The crime didn’t happen in West Seattle, but the resolution did, with the assistance of Southwest Precinct officers, and Zach (a WS resident) wanted to share the story:
3 days ago, on Christmas eve-eve, downtown underneath the viaduct, someone smashed my wife and I’s car window and absconded with our ski bag.
In the bag: ski boots, pants, jacket, etc. An intolerable expense to replace. However, as the days went by it was less about losing the “stuff,” as it’s just stuff, and instead, the angst hinged on the nuisance of the insurance claim and getting the glass repaired, and above all, the feeling of obtrusion my wife and I felt. Our karma, we thought, was past due. Insert the SPD.
Yesterday, the day after Christmas, I perused OfferUp (a safer Craigslist) for my recently stolen ski boots. Alas, there they were! I messaged the “owner” of my boots and he agreed to sell me the boots. Amazingly, I got him to meet me at the Home Depot right across the street from the Southwest Precinct. I called the precinct for help and I was quickly connected with Larry Longley, to whom I divulged my story. He asked us, an hour before I was to meet the ski boot “owner,” to stop by the Precinct to see how SPD could help me safely retrieve my ski boots.
In addition to Larry Longley: Officers Andre Constantine, Jack Johns, Ryan Levens, Garth Lindelef, and Ken Mazzuca were there with my wife and I at the precinct. They were gracious with their time, curious, and extremely helpful. They were fervent in their mission to help law-abiding citizens, yet were buckled by bureaucracy. They unmasked my issue as thus: I could not prove these boots were mine (disclaimer, take a picture of all your valuables) and because we couldn’t prove the man meeting me stole them, we were stuck on how to proceed.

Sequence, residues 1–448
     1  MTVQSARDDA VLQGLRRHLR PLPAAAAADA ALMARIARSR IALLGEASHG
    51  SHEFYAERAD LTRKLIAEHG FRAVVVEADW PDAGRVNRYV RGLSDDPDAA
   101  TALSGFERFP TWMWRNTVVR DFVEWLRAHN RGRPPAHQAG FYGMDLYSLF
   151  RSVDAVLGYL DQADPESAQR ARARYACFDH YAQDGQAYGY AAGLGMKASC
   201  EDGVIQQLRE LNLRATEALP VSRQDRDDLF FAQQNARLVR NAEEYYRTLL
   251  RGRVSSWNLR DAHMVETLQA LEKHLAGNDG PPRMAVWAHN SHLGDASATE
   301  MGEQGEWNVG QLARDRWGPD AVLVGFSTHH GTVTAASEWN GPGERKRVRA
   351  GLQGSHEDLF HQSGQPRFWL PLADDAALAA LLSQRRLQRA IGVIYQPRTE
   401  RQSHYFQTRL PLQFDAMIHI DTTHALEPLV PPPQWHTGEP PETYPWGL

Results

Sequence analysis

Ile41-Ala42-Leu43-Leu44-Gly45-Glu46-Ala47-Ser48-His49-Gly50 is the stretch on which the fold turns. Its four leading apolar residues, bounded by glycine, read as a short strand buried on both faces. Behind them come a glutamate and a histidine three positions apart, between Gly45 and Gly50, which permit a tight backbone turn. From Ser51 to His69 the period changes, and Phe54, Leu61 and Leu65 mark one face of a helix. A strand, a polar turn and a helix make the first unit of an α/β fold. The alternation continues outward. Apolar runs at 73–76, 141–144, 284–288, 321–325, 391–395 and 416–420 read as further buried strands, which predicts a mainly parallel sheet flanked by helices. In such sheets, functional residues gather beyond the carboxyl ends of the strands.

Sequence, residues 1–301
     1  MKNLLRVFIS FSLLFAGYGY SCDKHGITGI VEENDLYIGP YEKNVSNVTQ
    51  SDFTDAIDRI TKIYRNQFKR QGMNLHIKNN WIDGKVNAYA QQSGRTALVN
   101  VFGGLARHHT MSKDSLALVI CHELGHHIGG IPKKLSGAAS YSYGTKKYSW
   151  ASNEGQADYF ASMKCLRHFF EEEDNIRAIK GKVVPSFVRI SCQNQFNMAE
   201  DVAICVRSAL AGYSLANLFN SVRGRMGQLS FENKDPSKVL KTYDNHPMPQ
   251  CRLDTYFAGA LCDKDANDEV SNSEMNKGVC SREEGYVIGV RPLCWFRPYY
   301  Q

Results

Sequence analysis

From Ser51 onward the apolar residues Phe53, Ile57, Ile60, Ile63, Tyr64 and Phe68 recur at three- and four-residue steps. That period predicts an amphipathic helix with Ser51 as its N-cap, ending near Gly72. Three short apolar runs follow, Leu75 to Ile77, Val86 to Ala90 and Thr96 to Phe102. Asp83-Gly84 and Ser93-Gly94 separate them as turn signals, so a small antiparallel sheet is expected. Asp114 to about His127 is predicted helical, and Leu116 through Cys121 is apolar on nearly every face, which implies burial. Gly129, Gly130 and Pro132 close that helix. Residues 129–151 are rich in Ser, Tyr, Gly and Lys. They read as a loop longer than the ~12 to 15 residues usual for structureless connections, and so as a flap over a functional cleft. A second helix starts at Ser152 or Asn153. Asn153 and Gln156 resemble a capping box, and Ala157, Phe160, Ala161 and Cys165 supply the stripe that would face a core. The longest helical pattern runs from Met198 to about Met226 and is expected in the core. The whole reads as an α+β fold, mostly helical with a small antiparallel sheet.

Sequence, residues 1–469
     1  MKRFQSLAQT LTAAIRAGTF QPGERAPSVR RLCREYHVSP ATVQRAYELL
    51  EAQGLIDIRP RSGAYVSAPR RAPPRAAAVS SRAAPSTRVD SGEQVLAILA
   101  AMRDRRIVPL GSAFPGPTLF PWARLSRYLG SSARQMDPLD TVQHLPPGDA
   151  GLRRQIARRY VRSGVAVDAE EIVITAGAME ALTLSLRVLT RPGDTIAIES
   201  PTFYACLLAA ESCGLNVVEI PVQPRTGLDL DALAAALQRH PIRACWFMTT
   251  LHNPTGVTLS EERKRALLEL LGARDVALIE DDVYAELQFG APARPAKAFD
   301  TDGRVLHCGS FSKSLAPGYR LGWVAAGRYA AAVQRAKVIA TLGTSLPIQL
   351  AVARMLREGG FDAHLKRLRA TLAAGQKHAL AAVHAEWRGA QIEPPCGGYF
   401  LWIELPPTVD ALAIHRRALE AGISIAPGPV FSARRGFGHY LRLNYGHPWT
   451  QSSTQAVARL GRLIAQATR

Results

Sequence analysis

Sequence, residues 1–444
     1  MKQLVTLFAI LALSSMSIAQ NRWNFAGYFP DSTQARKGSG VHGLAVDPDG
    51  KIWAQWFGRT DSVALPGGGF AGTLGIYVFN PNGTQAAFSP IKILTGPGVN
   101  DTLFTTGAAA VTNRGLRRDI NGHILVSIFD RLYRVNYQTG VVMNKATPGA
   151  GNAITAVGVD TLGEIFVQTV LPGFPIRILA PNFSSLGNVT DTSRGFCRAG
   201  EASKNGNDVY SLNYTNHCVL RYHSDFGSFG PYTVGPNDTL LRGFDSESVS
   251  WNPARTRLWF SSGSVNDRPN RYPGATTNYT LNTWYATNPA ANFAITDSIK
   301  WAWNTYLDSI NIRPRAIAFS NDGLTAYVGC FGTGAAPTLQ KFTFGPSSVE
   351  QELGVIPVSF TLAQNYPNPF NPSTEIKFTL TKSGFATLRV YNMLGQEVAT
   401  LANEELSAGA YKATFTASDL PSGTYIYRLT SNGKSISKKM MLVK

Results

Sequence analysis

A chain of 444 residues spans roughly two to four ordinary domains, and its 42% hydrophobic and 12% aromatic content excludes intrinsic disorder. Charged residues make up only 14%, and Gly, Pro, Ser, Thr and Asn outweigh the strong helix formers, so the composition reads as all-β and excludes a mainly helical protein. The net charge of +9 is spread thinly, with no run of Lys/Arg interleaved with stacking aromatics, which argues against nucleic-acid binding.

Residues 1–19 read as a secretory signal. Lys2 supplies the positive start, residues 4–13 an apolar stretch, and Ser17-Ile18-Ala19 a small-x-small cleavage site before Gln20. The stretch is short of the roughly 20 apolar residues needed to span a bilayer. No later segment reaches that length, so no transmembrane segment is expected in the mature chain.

With the officer’s guidance, we devised a plan and operated within the boundaries of the law: I was to go meet the “owner” (thief) and ask him a barrage of ski-related questions – that he clearly wouldn’t be able to answer – in order to fluster and redirect him, all the while, the officers did a civil standby (an amazing service I had no idea existed) to make sure I wasn’t harmed. It worked flawlessly. With the police officers behind me, I effectively confronted the thief and got him to admit the boots weren’t his, I then gave the thief $10 to complete a transaction so he wouldn’t file a complaint of theft (incredulous, right?) and I victoriously went on my way.
Thank you Seattle Police Department, for your patience and inclination to help. Keep up the good work!!!
(Though we can’t find an official SPD page about “civil standbys,” here’s a local lawyer’s explanation.)